Friday, October 24, 2008

Financial futures freeze; but market opening calms down: Volatitlity is a fact of life

By now, most people have heard that the market future hit “limit lows” this morning, of -550 for the Dow.

Asian markets plunged 8-10% last night, and European markets have plunged today, as the prospects of recession seem to be much worse than first expected overseas. Crude oil prices continue to fall even though OPEC cuts production. This last drop does not seem sustainable.

CNBC has several articles, one of them talking about markets moving from “panic” to “despair”, but there is also a more balances story on CNBC: “Today’s markets: What the experts are saying,” here.

A couple of observations come to mind. Much of the panic selling is driven by arcane redemptions in hedge funds and derivatives, which come very suddenly. We’ve all heard a lot recent, including yesterday from Alan Greenspan (oops – don’t confuse the former Fed Chairman with Silicon Valley entrepreneur Aaron Greenspan), about flaws in the system that now cause freeze-ups and asset price crashes.

Volatility is a bit like a weak tree swaying in a thunderstorm. The weakest branches break and get thrown to the ground. Investors who are overly leveraged are brought to their knees. But so are people on Main Street, who borrowed too much and who are not flexible enough in the workplace with their job skills, and perhaps who do not have good connectivity with other people.

That’s why you hear the adage – to have six-eight months of cash for long term problems. That may be even more true in the fall (many market crashes happen late in the year) and at year end. Volatility ruins people who have to sell quickly because they don’t have enough cash to survive in the short term. They have to start over with nothing (and depend on others in quasi-intimate situations not of their choosing). None of this is nice to say (on the broadcast media or online) but it's true. It sounds like social Darwinism, but that seems to be how the system works. On the other hand, people who sell early and prophylactically, sometimes have major tax losses. If they think they have enough cash, they may be better off staying home (rather than “evacuating”) and riding out the financial storm. People with enough cash to go through a moderate recession, including some recent retirees, may tend to sit on things, spend very little and not try that hard to work, a process that helps feed the recession.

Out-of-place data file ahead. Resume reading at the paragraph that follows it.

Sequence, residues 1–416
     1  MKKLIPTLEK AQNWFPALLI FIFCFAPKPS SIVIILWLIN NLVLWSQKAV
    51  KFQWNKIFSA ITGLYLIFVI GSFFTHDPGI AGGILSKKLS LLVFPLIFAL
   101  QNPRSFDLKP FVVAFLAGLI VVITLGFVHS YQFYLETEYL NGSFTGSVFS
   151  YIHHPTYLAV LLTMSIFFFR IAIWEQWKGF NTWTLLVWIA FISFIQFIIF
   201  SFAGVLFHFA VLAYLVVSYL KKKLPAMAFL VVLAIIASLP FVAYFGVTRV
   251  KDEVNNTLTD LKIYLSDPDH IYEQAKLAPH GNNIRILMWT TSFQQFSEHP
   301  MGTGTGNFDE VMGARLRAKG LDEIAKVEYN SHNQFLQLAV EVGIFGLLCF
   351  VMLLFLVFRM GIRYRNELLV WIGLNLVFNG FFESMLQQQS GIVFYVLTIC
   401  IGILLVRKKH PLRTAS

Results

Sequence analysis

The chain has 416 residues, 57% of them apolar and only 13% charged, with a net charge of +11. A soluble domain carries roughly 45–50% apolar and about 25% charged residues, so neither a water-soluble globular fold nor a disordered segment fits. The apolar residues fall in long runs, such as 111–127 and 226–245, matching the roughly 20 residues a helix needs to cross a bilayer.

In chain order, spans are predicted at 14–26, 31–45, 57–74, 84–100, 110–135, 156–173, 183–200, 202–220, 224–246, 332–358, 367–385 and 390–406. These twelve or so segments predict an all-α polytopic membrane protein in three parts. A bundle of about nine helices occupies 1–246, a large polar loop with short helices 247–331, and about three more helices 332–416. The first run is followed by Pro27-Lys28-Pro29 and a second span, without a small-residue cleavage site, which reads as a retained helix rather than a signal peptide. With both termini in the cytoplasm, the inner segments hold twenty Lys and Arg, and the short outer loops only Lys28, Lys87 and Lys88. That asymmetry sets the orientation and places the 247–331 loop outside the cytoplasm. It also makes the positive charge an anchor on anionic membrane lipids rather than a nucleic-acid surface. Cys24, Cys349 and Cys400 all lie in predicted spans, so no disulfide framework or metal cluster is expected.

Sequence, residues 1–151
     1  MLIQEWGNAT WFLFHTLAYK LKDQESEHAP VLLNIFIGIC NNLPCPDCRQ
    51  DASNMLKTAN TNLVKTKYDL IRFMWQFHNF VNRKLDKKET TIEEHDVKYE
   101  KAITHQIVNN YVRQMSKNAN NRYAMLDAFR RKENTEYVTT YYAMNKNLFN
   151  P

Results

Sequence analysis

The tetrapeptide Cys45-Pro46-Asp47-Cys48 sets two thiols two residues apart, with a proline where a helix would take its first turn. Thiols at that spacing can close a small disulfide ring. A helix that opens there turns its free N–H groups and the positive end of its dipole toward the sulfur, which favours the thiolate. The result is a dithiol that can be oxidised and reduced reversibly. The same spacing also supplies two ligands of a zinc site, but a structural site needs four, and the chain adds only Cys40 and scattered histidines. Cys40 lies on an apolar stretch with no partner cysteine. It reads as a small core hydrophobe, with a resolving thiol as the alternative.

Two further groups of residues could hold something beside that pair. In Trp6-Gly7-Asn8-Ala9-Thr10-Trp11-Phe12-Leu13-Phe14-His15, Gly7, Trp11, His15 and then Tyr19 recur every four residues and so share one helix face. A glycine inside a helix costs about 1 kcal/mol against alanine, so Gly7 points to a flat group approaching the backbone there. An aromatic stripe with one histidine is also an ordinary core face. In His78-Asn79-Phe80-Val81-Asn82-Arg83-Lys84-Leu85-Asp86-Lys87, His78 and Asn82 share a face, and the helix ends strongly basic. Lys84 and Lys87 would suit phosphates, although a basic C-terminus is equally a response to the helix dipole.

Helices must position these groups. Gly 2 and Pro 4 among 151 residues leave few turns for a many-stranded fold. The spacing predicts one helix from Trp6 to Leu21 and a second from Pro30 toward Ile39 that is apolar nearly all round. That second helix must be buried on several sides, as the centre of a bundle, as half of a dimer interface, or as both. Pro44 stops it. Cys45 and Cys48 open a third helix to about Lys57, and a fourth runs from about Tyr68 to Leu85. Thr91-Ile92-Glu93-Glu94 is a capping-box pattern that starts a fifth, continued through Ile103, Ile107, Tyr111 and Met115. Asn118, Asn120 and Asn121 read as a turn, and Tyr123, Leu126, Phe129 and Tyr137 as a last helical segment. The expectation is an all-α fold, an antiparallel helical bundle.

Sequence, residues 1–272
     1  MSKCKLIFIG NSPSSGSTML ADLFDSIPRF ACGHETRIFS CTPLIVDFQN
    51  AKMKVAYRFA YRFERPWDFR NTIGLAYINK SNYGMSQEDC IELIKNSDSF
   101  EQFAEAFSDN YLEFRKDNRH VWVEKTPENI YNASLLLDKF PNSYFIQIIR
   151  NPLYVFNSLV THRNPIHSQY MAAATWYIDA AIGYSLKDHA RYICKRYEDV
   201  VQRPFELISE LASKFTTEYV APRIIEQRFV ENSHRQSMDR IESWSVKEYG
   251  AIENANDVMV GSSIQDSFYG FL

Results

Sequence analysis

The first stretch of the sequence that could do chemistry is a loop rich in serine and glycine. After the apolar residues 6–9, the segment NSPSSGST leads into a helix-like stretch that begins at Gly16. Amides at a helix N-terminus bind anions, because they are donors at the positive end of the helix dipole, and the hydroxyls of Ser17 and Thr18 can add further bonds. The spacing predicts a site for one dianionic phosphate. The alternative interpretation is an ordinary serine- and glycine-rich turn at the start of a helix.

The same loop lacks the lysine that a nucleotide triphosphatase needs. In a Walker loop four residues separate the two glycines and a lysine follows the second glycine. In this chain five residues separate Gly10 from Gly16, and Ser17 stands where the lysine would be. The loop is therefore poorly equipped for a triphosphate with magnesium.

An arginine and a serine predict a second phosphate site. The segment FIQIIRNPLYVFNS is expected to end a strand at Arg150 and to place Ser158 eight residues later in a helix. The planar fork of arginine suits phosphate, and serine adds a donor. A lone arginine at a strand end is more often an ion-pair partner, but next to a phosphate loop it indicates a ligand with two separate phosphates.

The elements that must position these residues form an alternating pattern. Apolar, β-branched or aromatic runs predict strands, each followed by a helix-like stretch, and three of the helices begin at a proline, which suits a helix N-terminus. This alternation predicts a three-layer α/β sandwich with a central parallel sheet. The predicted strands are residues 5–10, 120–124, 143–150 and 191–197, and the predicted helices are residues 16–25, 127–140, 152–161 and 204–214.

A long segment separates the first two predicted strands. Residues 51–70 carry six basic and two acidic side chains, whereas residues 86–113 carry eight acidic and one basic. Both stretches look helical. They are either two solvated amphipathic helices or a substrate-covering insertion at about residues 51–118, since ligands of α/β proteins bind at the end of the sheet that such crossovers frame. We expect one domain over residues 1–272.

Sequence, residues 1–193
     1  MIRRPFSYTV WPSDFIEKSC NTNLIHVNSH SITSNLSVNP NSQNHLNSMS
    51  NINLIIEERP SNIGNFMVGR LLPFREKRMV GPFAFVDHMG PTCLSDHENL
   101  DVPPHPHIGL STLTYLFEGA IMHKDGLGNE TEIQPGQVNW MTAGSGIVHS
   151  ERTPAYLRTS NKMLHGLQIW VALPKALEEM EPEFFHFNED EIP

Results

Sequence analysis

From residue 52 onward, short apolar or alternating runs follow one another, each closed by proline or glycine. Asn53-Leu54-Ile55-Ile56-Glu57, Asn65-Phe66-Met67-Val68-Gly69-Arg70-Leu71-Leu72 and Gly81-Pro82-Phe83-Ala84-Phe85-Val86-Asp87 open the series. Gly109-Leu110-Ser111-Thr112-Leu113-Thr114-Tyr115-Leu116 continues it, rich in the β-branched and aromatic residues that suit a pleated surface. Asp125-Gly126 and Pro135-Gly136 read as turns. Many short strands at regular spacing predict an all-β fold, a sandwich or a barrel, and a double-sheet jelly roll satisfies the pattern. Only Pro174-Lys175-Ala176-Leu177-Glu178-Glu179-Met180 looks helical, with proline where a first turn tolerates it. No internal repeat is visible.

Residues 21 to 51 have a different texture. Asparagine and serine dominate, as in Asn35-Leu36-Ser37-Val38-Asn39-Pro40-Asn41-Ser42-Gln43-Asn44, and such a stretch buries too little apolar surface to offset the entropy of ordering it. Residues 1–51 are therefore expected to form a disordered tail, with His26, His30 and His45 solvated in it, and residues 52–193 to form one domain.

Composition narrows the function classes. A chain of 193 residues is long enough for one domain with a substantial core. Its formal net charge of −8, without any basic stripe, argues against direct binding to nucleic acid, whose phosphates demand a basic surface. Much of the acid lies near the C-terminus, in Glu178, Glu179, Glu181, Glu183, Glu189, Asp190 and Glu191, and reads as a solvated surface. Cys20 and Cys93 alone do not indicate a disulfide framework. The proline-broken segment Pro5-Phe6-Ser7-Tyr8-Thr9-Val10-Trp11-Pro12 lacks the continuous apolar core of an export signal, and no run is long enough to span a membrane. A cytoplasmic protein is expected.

In the long term, people who can dollar-cost-average and who can keep buying come out ahead. Recessions, even depressions always make some people rich. That’s one reason why we have gaps between the rich and poor. They’re particularly beneficial for younger people with low debt and stable jobs. It’s a fact of capitalism, and it may make some people angry. But it’s life.

One job of regulators is to encourage some degree of confidence, that individually responsible behavior will be rewarded in the long run, and even within relatively short time horizons. Average Americans need some confidence that markets can come back to some kind of order in, say, a six month period, so they don’t have to sell out all at once. Likewise, the rule of law and confidence in the law is necessary for individual freedom and capitalism as we understand it to work. As we’ve noted, these are tied to social and familial values, which have caused major perturbations in what people believe as fair and just when it comes down to looking at individual people.

I’ve been particularly concerned about mutual funds and their invisible exposure to swaps, but I found this third quarter statement from BlackRock. CEO Bob Doll talks on CNBC this morning and hinted that today could be a good day for bargains. Several other experts predicted continued wild volatility through the end of October.

I can think of one other media measure that could help. Orpah got this started yesterday by inviting three young entrepreneurs on her show. But let’s get some more big time media outlets (like ABC 20/20) to interview some business people, especially younger ones, in Silicon Valley and talk about how they do make money in this kind of environment. There was no negativity on Orpah yesterday, and I thought that was interesting. What needs to happen, as Thomas Friedman points out, is to take the same kind of innovation that led to the Internet companies, many of which have done fairly well during the financial crisis, relatively speaking (we’re speaking of the companies that weathered the dot-com bust and came out winners) and apply it to renewable energy, and create an “energy Internet”. To help people on main street, we need to create real wealth, and that has to start with green energy. Unfortunately, we’ve squandered a lot of our mathematical imagination on financial, rather than real, engineering, and seen the folly crash.

As I post this, at 9:55 AM, I see that the Dow has recovered over 200 points from the futures low. Now the CNBC headline is “Stock sellout fails to live up to hype.” All that in the time it takes to write a blog post.

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